Selling online into the United States could get a little trickier after the country’s Congress passed the Marketplace Fairness Act yesterday, which closes a loophole allowing online retailers to avoid charging sales tax to customers.
The Marketplace Fairness Act was passed by a bipartisan majority, and will now head to the House of Representatives.
Already, experts are worried. Simon Scalzo, BDO’s national retail head, told SmartCompany similar bills have been proposed as many as five times before, but none of them have ever gotten this far.
The passage of the Marketplace Fairness Act would make it far more complex to sell into the United States, as every state has different, complex sales taxes that would need to be added on to the final bill of any online purchase.
In Australia, online goods sold for under $1000 do not pay GST. But there is no minimum purchase for which the American bill is to apply, provided a business turns over $1 million in revenue.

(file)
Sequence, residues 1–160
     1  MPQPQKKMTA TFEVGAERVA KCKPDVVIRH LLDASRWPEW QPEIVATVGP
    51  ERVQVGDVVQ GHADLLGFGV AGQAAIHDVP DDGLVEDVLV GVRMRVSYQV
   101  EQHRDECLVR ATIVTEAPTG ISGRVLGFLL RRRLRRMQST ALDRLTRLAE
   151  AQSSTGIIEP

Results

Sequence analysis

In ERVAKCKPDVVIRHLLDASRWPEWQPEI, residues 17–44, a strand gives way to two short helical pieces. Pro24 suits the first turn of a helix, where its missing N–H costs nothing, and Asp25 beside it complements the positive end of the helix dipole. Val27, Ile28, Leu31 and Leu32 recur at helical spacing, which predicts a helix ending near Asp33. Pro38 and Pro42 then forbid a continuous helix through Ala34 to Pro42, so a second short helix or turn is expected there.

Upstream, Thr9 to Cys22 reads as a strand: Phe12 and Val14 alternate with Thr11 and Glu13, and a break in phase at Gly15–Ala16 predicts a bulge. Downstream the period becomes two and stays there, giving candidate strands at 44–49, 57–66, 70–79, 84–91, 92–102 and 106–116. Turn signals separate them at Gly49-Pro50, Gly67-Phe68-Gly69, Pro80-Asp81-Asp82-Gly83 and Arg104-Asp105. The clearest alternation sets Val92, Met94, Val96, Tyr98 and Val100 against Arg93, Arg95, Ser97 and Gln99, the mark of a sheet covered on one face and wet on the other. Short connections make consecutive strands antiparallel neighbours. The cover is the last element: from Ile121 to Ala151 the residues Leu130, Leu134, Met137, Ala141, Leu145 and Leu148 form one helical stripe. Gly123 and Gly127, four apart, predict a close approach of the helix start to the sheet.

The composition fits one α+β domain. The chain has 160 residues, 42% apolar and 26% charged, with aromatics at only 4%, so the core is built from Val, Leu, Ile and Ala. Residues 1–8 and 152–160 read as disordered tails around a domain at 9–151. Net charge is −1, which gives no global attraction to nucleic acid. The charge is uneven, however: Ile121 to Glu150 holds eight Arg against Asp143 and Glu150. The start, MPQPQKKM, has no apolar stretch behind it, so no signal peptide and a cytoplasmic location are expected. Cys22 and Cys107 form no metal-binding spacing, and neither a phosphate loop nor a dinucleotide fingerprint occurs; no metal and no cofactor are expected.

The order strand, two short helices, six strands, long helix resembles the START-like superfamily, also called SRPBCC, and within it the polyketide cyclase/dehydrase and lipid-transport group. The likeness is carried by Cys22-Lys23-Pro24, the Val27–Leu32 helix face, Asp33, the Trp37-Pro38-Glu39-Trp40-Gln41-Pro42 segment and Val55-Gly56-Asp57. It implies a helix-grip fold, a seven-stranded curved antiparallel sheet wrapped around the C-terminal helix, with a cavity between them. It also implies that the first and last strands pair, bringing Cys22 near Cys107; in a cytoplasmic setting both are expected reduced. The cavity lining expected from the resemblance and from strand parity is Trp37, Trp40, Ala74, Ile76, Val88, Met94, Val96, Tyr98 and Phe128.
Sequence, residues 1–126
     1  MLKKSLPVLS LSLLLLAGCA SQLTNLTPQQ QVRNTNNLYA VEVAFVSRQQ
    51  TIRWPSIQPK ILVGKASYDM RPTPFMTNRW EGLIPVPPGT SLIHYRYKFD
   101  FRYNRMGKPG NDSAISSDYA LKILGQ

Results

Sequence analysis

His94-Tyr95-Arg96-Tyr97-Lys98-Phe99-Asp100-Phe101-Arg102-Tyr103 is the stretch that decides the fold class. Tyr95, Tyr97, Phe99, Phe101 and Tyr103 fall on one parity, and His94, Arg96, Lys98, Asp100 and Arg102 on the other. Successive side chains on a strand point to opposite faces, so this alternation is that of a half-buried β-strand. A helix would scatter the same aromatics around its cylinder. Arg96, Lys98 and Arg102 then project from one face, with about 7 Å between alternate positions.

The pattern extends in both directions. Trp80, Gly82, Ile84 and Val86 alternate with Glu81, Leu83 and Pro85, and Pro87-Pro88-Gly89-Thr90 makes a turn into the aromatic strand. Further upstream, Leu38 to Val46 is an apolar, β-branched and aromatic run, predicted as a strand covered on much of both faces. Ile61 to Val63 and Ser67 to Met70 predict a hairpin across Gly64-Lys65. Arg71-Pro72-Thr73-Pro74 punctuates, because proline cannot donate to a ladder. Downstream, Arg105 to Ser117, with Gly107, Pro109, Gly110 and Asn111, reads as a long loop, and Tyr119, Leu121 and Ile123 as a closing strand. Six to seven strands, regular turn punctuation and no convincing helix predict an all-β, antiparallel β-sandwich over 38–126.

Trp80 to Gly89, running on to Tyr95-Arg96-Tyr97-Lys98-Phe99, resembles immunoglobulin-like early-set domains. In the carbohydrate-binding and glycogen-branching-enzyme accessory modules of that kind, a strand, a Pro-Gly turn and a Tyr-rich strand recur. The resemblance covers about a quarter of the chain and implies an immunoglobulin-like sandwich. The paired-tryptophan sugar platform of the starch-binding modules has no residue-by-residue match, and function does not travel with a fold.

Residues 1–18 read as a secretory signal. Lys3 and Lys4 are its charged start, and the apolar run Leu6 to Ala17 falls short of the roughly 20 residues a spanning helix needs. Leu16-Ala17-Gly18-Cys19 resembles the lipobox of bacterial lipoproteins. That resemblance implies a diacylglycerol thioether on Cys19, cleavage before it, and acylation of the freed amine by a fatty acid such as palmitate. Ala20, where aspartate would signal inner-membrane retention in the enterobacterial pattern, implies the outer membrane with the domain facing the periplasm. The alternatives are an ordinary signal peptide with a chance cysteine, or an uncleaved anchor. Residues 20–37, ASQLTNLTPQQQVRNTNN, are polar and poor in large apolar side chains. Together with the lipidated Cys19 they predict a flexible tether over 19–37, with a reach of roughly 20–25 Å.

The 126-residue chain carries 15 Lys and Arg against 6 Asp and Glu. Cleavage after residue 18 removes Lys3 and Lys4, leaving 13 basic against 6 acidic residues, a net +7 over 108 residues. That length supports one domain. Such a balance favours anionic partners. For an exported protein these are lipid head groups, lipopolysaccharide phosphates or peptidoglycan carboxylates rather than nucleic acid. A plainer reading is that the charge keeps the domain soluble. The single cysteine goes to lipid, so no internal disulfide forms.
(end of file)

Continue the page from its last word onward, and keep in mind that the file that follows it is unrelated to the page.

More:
American states say they lose $12 billion in revenues annually from online purchases not including sales tax.
Scalzo said it would make things “significantly” more complex for Australian retailers selling online into America.
“A lot of Australian retailers are keen to move into the United States, as it’s a large market with far lower costs of doing business. This is now a potentially significant hurdle they’ll have to have at the back of their mind.”
Previously, a 1992 Supreme Court decision had found American online businesses did not need to collect sales tax from their online customers, providing they didn’t have a physical presence in the state of the buyer.
The law currently states that customers purchasing things online in America have to inform and pass on sales tax to their respective states, but few do.
Critics of previous bills have argued it is too complex for online retailers to track the sales taxes in each of America’s 50 states. Under the current bill, states would have to provide merchants with software to manage this, and also designate a single office within each state to handle all out-of-state tax collections.
But Scalzo says he’s “absolutely certain it’s not a simple plug-in” that’s being proposed. “There are large costs of compliance for retailers to bear.”
In Australia, online goods cheaper than $1000 do not pay GST as government studies have found it would not be cost-effective to collect it. Local brick-and-mortar retailers such as Harvey Norman has said this unfairly disadvantages them from their online-only competitors.
Scalzo says the US decision “may be a catalyst to start that conversation again” in Australia.